Listening to everyone’s voices

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Marj Moore

Our daily feature of ‘Village Voices’, has been an eye opener and not just for our readers.

Started by Gatoaitele Savea Sano Malifa, our reporters have been collecting four news stories a day for well over six months now from people living all around Upolu and from Savaii.

That’s over 200 glimpses into people’s lives we have shared with you, our readers.

The stories have given voice to the daily routines of men and women, the old and young who have not been drawn into the urban drift towards the bright lights of Apia.

Many of the stories reflect the strong ties of culture in the villages where they live, the routine and acceptance and enjoyment of living in a traditional system that has operated for years.

Yes, there have been some grumblings and moans about fa’alavelave and Village Council demands but overall no revolutionary plans to change things and it’s been mainly stoic acceptance of the way things are on the part of those interviewed.

The consensus seems to be that when the going gets tough, (moneywise) you make that call to family overseas.

And it seems to work.   

Some of the interviews have been funny – one of our reporters received a marriage proposals, while others of those interviewed have revealed hard work and even entrepreneurial thinking is not just confined to Apia.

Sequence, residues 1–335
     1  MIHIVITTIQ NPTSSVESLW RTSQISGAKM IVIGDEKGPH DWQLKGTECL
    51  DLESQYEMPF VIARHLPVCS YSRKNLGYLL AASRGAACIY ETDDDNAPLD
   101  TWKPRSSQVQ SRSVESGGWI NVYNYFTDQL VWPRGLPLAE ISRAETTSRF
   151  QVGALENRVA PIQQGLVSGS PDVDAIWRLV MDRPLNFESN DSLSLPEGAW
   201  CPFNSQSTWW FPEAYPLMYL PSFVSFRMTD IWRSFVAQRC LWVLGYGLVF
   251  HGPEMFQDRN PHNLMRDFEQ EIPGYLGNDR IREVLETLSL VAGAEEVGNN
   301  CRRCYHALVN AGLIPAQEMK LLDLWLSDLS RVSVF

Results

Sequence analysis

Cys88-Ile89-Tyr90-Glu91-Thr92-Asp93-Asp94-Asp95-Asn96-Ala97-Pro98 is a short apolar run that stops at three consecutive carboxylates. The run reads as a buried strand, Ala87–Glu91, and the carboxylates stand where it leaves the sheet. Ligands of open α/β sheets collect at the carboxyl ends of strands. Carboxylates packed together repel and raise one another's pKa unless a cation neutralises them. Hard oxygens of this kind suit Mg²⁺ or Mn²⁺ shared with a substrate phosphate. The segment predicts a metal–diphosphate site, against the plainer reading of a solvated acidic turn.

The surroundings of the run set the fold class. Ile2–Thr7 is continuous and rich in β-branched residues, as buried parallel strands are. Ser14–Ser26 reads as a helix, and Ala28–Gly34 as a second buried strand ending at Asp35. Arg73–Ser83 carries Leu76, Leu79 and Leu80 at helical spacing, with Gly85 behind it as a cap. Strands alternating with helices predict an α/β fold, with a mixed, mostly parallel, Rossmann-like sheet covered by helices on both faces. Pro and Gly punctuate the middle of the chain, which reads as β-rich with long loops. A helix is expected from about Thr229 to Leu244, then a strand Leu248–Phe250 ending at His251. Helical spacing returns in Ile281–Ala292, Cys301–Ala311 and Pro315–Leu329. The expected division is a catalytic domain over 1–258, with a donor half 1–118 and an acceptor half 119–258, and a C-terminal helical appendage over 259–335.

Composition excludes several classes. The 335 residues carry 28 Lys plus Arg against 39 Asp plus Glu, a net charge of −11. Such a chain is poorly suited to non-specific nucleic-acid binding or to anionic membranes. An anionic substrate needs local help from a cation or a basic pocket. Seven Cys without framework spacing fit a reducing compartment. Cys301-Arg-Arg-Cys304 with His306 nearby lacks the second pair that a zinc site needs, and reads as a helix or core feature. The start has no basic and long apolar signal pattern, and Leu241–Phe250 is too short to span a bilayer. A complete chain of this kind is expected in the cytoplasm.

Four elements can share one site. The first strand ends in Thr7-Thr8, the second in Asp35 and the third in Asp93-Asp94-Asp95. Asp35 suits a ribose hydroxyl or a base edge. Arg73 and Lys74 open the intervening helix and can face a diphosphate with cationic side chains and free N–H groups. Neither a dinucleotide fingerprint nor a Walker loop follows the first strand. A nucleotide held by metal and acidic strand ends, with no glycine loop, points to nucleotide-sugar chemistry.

Just about everybody alludes to their love of the land and their gratitude for it. And while there have been a few who are sitting on that same land hoping for a hand out, they are few and far between.  

Some of the stories have been very sad.

The fact that there are still so many people without the basics of adequate shelter and water let alone electricity show we still have a long way to go before we can truly be proud that our culture, religion and country, practices those values of fairness and equality of opportunity for all.

One of the common themes that come through the stories when reporters have been interviewing parents, has been their wish to provide a better life for their children. Their definition of ‘better’ may not be the same as those living in the urban areas but it does reflect the closeness of the family units and their desire to see their children move in some way from their own circumstances.

There have also been young people telling us they would like employment. Already there are several businesses which have contacted us to say they would be willing to give some of these young people a chance. 

We’ll tell you those stories in due time.

© Samoa Observer 2016

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